Jeep Wrangler - turns 60

No vehicle is more American than the Jeep Wrangler. Opening a photo album from across the decades, it would be hard to imagine G.I.s in World War II crossing Europe without their Jeeps. After coming home, they started the first SUV boom when they civilianized the little four-wheelers for fun, sun, and toil. Jeeps fought in Korea, ravaged the jungles of Vietnam, and still had time to boogie through the 70s as fashion accessories.

 Daisy Duke looked wicked sexy in her shorts – never more so than when driving her white Jeep CJ7 Golden Eagle. Pick any era since 1941 and you’ll find Jeeps in the background.
It’s easy to spot them as they haven’t changed much. The 2011 Wrangler’s design looks more like a proposal for the next Model T than shapes that came out of a 21st Century design studio. Jeep’s famous “grater grille” flanked by round headlamps and exposed bumpers form the front. Separate fenders and domed hood lead to an upright windshield that can still fold forward as in the war years. Exposed door hinges, external pull-type hood latches, plastic fender extensions, and a rear as vertical as the Chrysler Building is the definition of form after function. Elegantly curved windshield glass, slightly raked-back grille, and 17” aluminum wheels blend the line between then and now.

Refinement is in the details. New Wranglers are wider and longer than previous generations to add stability on road and off while smoothing the choppy ride. You can get a folding soft top as in the old days, but I prefer the hard top that allows passengers to just remove panels over the front seats, or to disassemble the entire thing for total open air. Doors can still be removed for running naked through the breeze. One can button up like a storm cellar or fling it wide open as if on a beach.
Besides the optional lack of top and doors, riding in the Wrangler is like no other automotive experience. You heave yourself up inside by grabbing the steering wheel, roll bar, and probably both. Passengers tug at the grab handle above the glovebox. Dashboards were redesigned for a more curvaceous Grand Cherokee look while the Wrangler adopts its upscale sibling’s primo three-spoke leather-wrapped steering wheel with integral audio controls. Everything inside, including the doors with roll-up windows, can be hosed down after mud-filled fun. Increased acoustic materials hush the interior dramatically on the highway compared to the thrumming of earlier Wranglers. It’s almost civil, but probably not the best Autobahn cruiser.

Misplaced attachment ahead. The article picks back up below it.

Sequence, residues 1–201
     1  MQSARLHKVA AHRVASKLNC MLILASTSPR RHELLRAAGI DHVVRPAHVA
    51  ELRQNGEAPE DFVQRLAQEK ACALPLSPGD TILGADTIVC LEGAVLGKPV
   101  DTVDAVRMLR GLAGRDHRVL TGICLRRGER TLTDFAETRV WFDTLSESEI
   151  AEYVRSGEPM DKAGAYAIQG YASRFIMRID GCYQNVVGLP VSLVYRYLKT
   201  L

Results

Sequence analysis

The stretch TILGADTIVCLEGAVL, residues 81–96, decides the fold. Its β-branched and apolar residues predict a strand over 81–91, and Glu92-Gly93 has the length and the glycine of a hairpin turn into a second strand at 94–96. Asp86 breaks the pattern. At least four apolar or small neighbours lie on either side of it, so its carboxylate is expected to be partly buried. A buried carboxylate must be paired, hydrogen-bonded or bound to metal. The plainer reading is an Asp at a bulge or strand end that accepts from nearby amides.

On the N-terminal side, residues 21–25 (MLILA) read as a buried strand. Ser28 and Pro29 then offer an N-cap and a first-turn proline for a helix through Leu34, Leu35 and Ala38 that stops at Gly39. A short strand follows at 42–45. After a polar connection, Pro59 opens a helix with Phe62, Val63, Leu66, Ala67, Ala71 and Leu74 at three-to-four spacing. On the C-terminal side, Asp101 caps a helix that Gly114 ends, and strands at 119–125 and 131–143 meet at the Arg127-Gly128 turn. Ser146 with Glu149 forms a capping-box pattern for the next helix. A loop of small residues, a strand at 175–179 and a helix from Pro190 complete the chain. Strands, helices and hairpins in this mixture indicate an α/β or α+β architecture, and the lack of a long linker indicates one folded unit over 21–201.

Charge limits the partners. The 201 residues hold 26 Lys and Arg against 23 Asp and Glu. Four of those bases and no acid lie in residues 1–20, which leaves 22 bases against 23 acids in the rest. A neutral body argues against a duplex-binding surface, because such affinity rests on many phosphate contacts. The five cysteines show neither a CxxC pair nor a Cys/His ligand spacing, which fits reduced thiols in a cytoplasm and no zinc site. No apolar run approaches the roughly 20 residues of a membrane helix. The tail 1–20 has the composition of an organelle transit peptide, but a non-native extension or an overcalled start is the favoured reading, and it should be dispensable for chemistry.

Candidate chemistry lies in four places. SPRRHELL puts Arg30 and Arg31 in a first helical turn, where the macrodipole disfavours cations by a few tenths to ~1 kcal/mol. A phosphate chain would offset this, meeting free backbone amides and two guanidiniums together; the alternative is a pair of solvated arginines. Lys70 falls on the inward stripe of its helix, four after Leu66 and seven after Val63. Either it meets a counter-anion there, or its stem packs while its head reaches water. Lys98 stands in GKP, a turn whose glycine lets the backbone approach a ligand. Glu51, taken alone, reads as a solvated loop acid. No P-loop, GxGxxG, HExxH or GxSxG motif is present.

All Wranglers, including our Sport model, come with a 3.8-litre V6 that generates 202 horsepower and 237 lb.-ft. of torque. Hard-core rock crunchers will choose the six-speed manual transmission, but a four-speed automatic is available to make city life easier. Engineers are apparently trying to get the best fuel efficiency possible because fifth and sixth gears are useless for anything other than highway cruising. Even mild Texas-grade inclines sometimes urge downshifts to maintain 70 mph. You can shove this brick through the wind, but you’ll only get 15/19-MPG city/hwy.

Running all day at Interstate speeds really isn’t the point of the Wrangler anyway. You could buy any other Jeep if that’s really your mission. It’s the chassis and 4x4 systems that are the font of Wrangler’s talent. Solid front and rear heavy-duty axles articulate over almost anything, allowing the tuned shock absorbers to tame rough trails and pot-holed city streets. Skid plates protect the fuel tank, transfer case, and oil pan. All of that allows the Wrangler Sport’s part-time 4x4 system with high- and low-range gearing to tackle sand, gravel, snow, ice, or mounds of muck with ease.

Until I started looking around my neighborhood, I didn’t realize how many Jeep Wranglers are on the road. College kids, old men, high school girls, CEOs, lawyers, mountain climbers, handsome gents, Southerners in short shorts, and club queens all drive them. Everybody relates to the simple honesty of the Jeep. It is the perfect summer car with the top removed and transforms into a storming sled with four-wheel-drive and hard top installed. Wrangler does it all, and looks fabulous no matter the season, location, or decade.

The fact that Jeep has been controlled by the French (Renault), Germans (Daimler), and Italians (Fiat) over the years does nothing to diminish the Jeep’s status as an American hero and symbol of freedom around the world. Imitators come and go, but nothing has matched its simple style, incredible capability, and relative affordability. Perhaps no vehicle has remained as original for so long without losing relevancy. As Jeep celebrates its 60th Anniversary, the iconic Wrangler proves age only makes some things more enjoyable. Price as tested came to $26,310.

2011 Jeep Wrangler Sport
Four-passenger, 4x4 SUV.
Powertrain: 202-HP 3.8-litre V6,
6-spd. manual trans.
Suspension f/r: Solid axles
Wheels: 17”/17” f/r.
Brakes: disc/disc fr/rr with ABS.
Must-have feature: Authentic!

By Casey Williams - MyCarData